Jimmy Lai, the founder of the now-shuttered tabloid Apple Daily, is awaiting trial for 'collusion with foreign forces'
Jimmy Lai, the founder of the now-shuttered tabloid Apple Daily, is awaiting trial for 'collusion with foreign forces' AFP

A Hong Kong court on dismissed Friday a legal challenge by jailed pro-democracy media tycoon Jimmy Lai, conceding it had "no jurisdiction" over Beijing's national security apparatus in the city.

Lai, founder of the now-shuttered tabloid Apple Daily, is awaiting trial for alleged "collusion with foreign forces" -- an offence under a security law Beijing imposed in 2020 to quell dissent.

Three levels of Hong Kong's courts previously allowed Lai to be represented by veteran British human rights barrister Tim Owen, overruling repeated objections from the government.

But Beijing intervened in December, announcing that city leader John Lee would have the power to bar foreign lawyers from national security trials.

The National Security Committee -- a top-level government body answering directly to Beijing -- then advised immigration authorities to withhold Owen's working visa.

High Court judge Jeremy Poon -- the same justice who backed Lai's lawyer choice in a ruling last year -- on Friday ruled the media tycoon could not contest the committee.

"(Hong Kong's) courts have no jurisdiction over the work" of the National Security Committee, he wrote in a decision.

"The supervisory power over the (committee) is hence reserved to the Central People's Government exclusively," he said, adding that local courts have "neither training nor expertise" to deal with the committee's work.

Poon's ruling on Friday underscores Beijing's ability to trump Hong Kong courts, despite the city's guarantee of judicial independence from the mainland legal system.

Hong Kong's common law tradition, inherited from British colonial rule and distinct from the mainland Chinese system, had been key to its appeal as an international legal and business hub.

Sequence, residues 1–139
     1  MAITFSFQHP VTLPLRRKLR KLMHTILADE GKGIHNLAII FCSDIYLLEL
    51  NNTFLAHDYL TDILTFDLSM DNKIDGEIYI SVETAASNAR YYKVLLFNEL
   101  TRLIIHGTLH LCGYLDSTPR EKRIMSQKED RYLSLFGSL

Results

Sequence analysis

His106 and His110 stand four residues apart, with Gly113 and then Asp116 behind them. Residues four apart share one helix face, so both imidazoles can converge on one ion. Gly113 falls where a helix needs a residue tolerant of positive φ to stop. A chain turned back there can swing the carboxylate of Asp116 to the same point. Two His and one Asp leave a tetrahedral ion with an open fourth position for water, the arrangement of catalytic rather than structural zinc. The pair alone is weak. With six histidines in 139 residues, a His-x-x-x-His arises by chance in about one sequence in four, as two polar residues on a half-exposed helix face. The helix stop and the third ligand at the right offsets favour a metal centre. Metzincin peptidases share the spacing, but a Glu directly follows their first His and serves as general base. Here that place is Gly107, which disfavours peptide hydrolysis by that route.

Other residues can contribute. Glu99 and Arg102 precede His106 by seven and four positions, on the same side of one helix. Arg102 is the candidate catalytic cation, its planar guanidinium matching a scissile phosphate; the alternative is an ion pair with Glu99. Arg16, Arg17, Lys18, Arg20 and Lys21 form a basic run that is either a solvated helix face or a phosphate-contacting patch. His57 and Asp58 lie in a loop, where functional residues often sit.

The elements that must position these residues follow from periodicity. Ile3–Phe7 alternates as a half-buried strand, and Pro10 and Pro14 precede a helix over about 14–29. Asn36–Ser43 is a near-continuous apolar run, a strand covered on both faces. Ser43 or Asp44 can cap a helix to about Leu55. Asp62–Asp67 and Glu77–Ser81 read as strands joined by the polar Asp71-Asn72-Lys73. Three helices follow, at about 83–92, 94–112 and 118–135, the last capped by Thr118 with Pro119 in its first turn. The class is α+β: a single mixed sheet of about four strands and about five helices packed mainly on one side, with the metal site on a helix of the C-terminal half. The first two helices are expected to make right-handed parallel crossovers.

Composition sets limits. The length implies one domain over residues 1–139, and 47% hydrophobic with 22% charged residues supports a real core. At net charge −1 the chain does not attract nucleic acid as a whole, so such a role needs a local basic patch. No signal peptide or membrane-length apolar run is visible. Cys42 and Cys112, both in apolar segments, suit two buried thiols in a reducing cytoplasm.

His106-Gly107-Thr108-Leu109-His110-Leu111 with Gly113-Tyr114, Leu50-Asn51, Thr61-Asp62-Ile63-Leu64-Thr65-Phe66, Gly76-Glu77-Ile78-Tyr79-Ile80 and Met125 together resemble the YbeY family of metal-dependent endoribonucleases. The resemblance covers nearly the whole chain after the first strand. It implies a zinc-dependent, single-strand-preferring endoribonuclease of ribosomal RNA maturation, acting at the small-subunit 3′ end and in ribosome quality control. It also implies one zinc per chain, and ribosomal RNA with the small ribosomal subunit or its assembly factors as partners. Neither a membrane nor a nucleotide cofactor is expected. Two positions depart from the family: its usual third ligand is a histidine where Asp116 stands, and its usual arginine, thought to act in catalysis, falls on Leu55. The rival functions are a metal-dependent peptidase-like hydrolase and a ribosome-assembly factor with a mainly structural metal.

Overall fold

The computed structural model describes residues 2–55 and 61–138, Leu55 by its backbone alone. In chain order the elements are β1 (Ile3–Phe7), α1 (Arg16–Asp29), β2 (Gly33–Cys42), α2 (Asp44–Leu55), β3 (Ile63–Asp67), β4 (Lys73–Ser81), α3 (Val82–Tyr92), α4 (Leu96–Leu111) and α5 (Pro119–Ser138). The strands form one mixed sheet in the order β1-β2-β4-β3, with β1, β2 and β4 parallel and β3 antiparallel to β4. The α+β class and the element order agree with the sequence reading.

But under the security law -- imposed by Beijing to stamp out opposition after massive pro-democracy protests in 2019 -- critics say Hong Kong has seen its autonomous status and freedoms steadily eroded.

Last week, in an echo of Beijing's December intervention, Hong Kong's opposition-free legislature imposed a blanket ban on foreign lawyers in national security trials, unless approved by city leader Lee.

Eric Lai, a fellow at Georgetown University's Center for Asian Law, said it was "disappointing that the court chooses such a passive position".

"The ruling demonstrates that Hong Kong's judicial independence and rule of law have limits... It is worrying that the court appears not to perform checks and balances against local government misuse of power in the name of (safeguarding) national security," the scholar told AFP.

At an earlier hearing, the media tycoon's lawyer argued that if the committee was beyond Hong Kong's jurisdiction, it could arbitrarily jail people or seize private property and victims would have no recourse -- which judge Poon on Friday dismissed as "alarmist".

Lai's trial, originally scheduled for December, was postponed to September due to the lawyer dispute. He faces life in prison if convicted.

More than 100 media leaders globally signed a Reporters Without Borders petition this week calling for the 75-year-old's release.

The Hong Kong government condemned the petition as a "wrongful attempt to interfere with the judicial proceedings".